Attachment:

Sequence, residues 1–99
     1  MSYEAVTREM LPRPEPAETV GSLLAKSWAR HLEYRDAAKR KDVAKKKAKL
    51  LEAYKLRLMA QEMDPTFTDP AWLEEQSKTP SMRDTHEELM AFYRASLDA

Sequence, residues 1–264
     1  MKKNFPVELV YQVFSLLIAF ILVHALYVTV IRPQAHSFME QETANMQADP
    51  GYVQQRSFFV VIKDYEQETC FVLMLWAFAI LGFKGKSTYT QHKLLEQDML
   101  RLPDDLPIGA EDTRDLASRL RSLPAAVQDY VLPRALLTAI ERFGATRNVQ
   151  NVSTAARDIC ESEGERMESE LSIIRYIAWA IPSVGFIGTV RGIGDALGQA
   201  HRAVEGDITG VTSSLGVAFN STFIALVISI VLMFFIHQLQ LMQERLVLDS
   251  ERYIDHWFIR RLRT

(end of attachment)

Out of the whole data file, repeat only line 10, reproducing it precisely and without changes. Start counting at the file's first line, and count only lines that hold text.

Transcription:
   251  ERYIDHWFIR RLRT